Additionally, as government seeks out new ways to generate revenue, more illusions may be introduced. For example, a revenue source receiving attention of late is value added taxes (VATs). VATs, like excise taxes, tend to be opaque because they are included in the price of goods and their collection is spread over time, making it difficult to perceive the true overall cost. While VATs have other economic advantages, they do give rise to fiscal illusions that both policymakers and citizens should be aware of.
The disturbing trends identified by academics who study fiscal illusion are echoed by public opinion. Despite there being more data available to citizens today on government activities than at any other period in history, trust in government is nonetheless at a record low (19 percent), while citizens increasingly believe that their government spends too much (76 percent) and that the tax system needs a major overhaul (72 percent). Results like these suggest that government is systematically providing a level of services that is not in keeping with citizens’ preferences. But while numerous tax policies and structures currently in place create and exacerbate fiscal illusion, there are actions that citizens and elected officials can take to improve the situation.
What to do? Over the long run, lawmakers may attempt to reduce the amount of fiscal illusion by simplifying the tax code, reducing deductions and exemptions, relying on more visible tax instruments, and mandating that different levels of government use particular sets of tax instruments. Not all of these actions are politically or economically feasible, however, and each would take time to implement. In the meanwhile, increasing transparency by providing citizens with information on governmental operations, policies, and management is a critical step toward rebuilding trust and promoting an efficient level of government. To be transparent, government must inform citizens as to (1) the scope of its services, (2) the reasons it provides those services and what their benefits are, and (3) how much those services cost and how they are financed. Such knowledge allows citizens to make well-informed decisions about their desired level of taxes and services.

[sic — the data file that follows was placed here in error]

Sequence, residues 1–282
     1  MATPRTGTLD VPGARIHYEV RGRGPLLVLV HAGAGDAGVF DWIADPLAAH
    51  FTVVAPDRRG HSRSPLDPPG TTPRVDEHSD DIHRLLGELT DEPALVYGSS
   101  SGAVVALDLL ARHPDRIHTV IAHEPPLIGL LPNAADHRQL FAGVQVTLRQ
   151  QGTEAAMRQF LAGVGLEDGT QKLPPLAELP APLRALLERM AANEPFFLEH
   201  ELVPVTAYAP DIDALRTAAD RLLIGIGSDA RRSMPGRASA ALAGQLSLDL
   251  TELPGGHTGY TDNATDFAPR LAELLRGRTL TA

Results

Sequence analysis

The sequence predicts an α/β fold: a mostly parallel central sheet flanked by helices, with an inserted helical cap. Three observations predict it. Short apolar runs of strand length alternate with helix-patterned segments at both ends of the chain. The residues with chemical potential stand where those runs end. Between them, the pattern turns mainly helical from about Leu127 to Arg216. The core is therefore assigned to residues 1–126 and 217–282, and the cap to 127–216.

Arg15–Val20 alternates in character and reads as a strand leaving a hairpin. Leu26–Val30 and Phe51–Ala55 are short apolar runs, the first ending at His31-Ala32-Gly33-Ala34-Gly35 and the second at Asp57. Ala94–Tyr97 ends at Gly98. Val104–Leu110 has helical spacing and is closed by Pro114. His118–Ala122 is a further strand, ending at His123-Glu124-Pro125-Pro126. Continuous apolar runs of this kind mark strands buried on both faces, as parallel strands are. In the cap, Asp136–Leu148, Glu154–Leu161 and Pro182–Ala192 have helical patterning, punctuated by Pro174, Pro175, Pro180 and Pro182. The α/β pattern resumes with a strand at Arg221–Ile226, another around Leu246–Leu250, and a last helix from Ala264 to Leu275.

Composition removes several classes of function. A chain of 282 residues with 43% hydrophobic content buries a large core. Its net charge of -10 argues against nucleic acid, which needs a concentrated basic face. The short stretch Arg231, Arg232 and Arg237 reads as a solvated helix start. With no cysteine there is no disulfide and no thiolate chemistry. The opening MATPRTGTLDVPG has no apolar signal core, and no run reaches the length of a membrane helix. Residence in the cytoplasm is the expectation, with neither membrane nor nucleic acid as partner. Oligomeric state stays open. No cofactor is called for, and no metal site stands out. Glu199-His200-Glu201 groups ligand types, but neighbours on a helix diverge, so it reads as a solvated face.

Transparency and citizen education are not simple tasks, and there are no universal solutions. It is clear that merely “dumping data” will no longer suffice, and as a result governments are experimenting with better ways to relay information and engage taxpayers. Citizen academies, taxpayer receipts, partnerships with Code for America, and interactive tools like Budget Hero, are innovative examples of attempts at citizen engagement in an age where citizens appear averse to fiscal issues and fiscal illusions are pervasive in modern American tax policy and law. Continued development of such tools will go a long way in changing citizens’ views about the benefits and costs of their governments’ approach to taxes and services.
This article is based on the paper, ‘Fiscal Illusion in State and Local Finances: A Hindrance to Transparency‘, in State and Local Government Review.
Featured image credit: 401(K) 2012, Flickr, CC BY SA 2.0
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Note: This article gives the views of the author, and not the position of U.S.APP– American Politics and Policy, nor of the London School of Economics.
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Whitney B. Afonso – University of North Carolina at Chapel Hill
Whitney B. Afonso is an Assistant Professor at the School of Government at the University of North Carolina at Chapel Hill. Her research focuses on state and local finance, especially state income tax policy and local option sales taxes. Her work has appeared in such journals as Public Budgeting and Finance, Contemporary Economic Policy, the Journal of Public Budgeting, Accounting, and Financial Management.